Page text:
The Department of Public Lands is suing David Trung Quoc Phan’s auto shop company for allegedly occupying public lands in Lower Base without DPL’s authorization from 2012 until Aug. 28, 2017.
DPL, through assistant attorney general Matthew J. Pugh, is suing United Brothers Inc., which owns TBK Auto Cares, for trespassing and unjust enrichment.
DPL asked the Superior Court to hold United Brothers liable to pay unspecified damages, interest on unpaid rent, and court costs.
DPL requested the court to issue an injunction requiring United Brothers and all others occupying the premises to vacate the premises and removed all personal property.
Phan refused to comment when asked about the lawsuit.
Saipan Tribune learned that Phan had already closed TBK Auto Cares last year after he and several others were indicted in federal court.
Phan was among three convicted by a federal jury last October for their participation in a scheme to bring Bangladeshi men to Saipan on promises of jobs and green cards in exchange for cash.
Phan was slapped with an eight-month prison sentence. He has appealed to the U.S. Court of Appeals for the Ninth Circuit. He also requested the U.S. District Court for the NMI to allow his continued release pending the outcome of his appeal.
According to Pugh in the complaint, DPL’s predecessor, Marianas Public Lands Corp., entered into a 25-year lease in 1980, for a public land (lot 2) in Lower Base with Frank F. Ferreira Jr. and Diane C. Ferreira, who own Products of Saipan.
In 1984, the Ferrerias’ lease was assigned to Pacific Development Contractors Ltd. (PDC).
In 1995, Nanyo Shoji II Inc. purchased PDC’s lease at a public auction held to satisfy a judgment entered against PDC.
After acquiring the lease, Pugh said, Sanyo Shoji II Inc. subleased lot 2 to TBK in 2009.
Nanyo Shoji II Inc.’s lease of lot 2, including holdover, ended in 2012.
Pugh said Nanyo Shoji II Inc. had no interest in the land after 2012.
Pugh said TBK continued to occupy the land without DPL’s authorization.
On June 11, 2012, TBK allegedly purchased Saipan Machine Shop, the company that held the public land lease to another piece of land (Lot 1) in Lower Base.
Saipan Machine Shop attempted to transfer its interest in Lot 1. Pugh said no transfer or assignment occurred because DPL did not approve of or consent to Saipan Machine Shop’s attempt to transfer its interest in Lot 1 to TBK.
On July 31, 2012, DPL terminated its lease agreement with Saipan Machine Shop. TBK allegedly continued to occupy Lot 1 after DPL terminated the lease.
In February 2016, shortly after DPL learned of TBK’s occupancy of the premises without authorization or payment to DPL, DPL requested payment of rent dating back to 2012.
In May 2016, DPL still allegedly had not received any payments from TBK.
DPL wrote a letter to TBK requesting payment for past occupancy of the premises and informing TBK of its lease and temporary occupancy agreement requirements.
In October 2016, DPL’s staff appraiser completed appraisals for Lot 1 and Lot 2. DPL’s appraiser determined that the fair market value of Lot 1 as of Aug. 1, 2012 was $96,195, and that the fair market value of Lot 2 as of July 1, 2012 was $125,800.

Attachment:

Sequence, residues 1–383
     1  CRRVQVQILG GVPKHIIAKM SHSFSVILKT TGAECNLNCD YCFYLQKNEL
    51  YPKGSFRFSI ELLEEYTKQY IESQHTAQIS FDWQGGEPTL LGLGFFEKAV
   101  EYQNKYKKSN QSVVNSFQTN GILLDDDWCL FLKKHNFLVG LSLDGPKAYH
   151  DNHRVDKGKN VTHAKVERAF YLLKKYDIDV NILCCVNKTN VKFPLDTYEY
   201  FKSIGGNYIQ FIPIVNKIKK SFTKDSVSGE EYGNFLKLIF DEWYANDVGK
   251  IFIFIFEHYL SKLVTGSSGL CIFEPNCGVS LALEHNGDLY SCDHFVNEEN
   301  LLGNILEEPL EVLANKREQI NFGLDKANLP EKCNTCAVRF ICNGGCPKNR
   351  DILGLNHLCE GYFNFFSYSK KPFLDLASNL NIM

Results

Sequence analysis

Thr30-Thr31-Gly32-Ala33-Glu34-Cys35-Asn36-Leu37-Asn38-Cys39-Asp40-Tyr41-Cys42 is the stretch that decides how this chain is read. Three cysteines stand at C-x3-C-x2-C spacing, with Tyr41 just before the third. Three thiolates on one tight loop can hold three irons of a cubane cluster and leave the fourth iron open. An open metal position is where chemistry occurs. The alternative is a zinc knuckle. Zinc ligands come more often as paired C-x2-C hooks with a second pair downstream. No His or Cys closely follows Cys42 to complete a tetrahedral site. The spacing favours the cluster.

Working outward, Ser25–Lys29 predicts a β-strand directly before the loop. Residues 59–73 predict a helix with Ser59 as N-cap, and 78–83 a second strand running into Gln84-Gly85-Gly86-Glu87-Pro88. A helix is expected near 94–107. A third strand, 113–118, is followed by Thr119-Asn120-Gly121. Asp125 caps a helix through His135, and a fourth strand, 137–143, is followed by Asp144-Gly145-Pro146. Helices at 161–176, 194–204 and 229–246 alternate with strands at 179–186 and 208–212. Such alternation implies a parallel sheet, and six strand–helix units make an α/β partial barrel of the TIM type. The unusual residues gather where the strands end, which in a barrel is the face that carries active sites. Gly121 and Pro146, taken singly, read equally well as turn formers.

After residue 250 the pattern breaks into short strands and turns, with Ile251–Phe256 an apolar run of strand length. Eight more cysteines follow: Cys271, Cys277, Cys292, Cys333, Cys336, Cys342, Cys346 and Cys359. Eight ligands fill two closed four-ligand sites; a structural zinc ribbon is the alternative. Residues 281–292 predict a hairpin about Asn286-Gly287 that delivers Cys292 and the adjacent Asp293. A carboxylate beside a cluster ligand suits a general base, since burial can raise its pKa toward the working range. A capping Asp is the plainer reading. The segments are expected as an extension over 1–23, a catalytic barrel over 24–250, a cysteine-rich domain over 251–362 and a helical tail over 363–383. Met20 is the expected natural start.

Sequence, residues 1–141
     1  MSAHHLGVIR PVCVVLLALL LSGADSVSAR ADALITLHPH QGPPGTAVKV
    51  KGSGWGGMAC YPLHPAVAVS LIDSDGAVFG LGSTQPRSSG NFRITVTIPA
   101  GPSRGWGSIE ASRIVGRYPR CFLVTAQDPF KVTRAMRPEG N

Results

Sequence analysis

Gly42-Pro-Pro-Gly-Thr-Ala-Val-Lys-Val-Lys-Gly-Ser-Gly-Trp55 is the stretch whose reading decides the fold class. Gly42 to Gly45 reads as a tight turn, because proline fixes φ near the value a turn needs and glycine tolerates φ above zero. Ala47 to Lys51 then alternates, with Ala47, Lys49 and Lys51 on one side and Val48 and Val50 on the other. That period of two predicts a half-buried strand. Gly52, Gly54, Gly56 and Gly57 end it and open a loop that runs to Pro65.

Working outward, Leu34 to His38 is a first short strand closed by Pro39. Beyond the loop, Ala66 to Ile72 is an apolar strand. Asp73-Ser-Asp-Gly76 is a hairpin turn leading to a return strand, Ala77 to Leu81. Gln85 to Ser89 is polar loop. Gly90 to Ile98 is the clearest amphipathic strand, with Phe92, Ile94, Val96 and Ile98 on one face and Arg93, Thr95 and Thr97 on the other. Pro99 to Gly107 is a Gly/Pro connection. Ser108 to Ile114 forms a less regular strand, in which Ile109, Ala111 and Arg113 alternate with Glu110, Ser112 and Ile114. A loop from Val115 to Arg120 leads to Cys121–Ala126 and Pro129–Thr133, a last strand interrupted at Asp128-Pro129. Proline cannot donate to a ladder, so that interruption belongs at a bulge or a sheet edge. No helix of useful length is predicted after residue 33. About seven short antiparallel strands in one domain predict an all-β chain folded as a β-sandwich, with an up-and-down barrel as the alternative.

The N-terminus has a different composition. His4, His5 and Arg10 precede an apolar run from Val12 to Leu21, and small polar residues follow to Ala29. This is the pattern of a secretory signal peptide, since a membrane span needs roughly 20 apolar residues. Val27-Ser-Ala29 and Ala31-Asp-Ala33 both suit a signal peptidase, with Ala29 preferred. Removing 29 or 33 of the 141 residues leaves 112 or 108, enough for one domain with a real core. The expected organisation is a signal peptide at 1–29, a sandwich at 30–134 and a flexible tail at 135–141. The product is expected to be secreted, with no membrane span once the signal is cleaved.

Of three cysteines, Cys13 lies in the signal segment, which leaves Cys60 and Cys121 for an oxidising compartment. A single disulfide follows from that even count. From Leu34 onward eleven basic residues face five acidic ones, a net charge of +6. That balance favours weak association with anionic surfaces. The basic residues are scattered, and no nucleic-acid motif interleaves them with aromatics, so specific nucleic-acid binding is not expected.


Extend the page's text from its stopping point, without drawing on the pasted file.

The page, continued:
In December 2016, DPL met with TBK to discuss its lease requirements and to request that TBK pay for its past occupancy of the premises.
On Jan. 19, 2017, TBK wrote to DPL and requested that it be allowed to lease the premises for 1 percent of appraised value.
TBK also allegedly requested that DPL waive interest owed on past due amounts.
TBK hired its own independent appraiser to prepare an appraisal report for the two lots. The appraiser hired by TBK concluded that the fair market value of lot 1 was $108,000, and the fair market value of lot 2 was $118,000 as of the date of the appraisal.
On May 3, 2017, Pugh said, DPL still had not received a complete lease proposal from TBK for the premises, so DPL wrote a letter to TBK asking it to submit the remaining items and pay past due amounts.
DPL warned TBK that if it did not complete the requirements, DPL would require TBK to vacate the properties and would file a lawsuit against TBK.
On May 10, 2017, TBK wrote back to DPL requesting lease terms that did not comply with DPL lease requirements.
On June 9, 2017, Pugh said, DPL responded to TBK and rejected its request for reduced rental rates and waiver of accrued interest. DPL still had not received a complete lease application by that date.
DPL provided TBK with 30 days to vacate the premises.
Pugh said TBK did not remove all possessions from the premises within 30 days.
On Aug. 28, 2017, following multiple warnings to TBK, DPL secured the premises by using a chain and lock to block access.
DPL informed TBK that it could retrieve any possessions on the property by contacting DPL and setting a time for removal of items.
Pugh said TBK has abandoned a number of junk vehicles and other possessions on the premises.
Pugh said TBK occupied the premises without DPL’s authorization or permission from 2012 until Aug. 28, 2017.
The government lawyer said TBK ran a business on the premises during this time and placed junk vehicles and other possessions on the premises without DPL’s authorization, permission, or consent.
TBK allegedly caused an ongoing trespass by leaving behind junk vehicles and other possessions on the premises after Aug. 28, 2017, despite many requests from DPL that TBK remove these items.
This ongoing trespass, Pugh said, reduced the value of the premises and prevents DPL from making beneficial use of the premises.
Even after DPL blocked access to the premises, TBK allegedly continued to store junk vehicles and other possessions on the premises.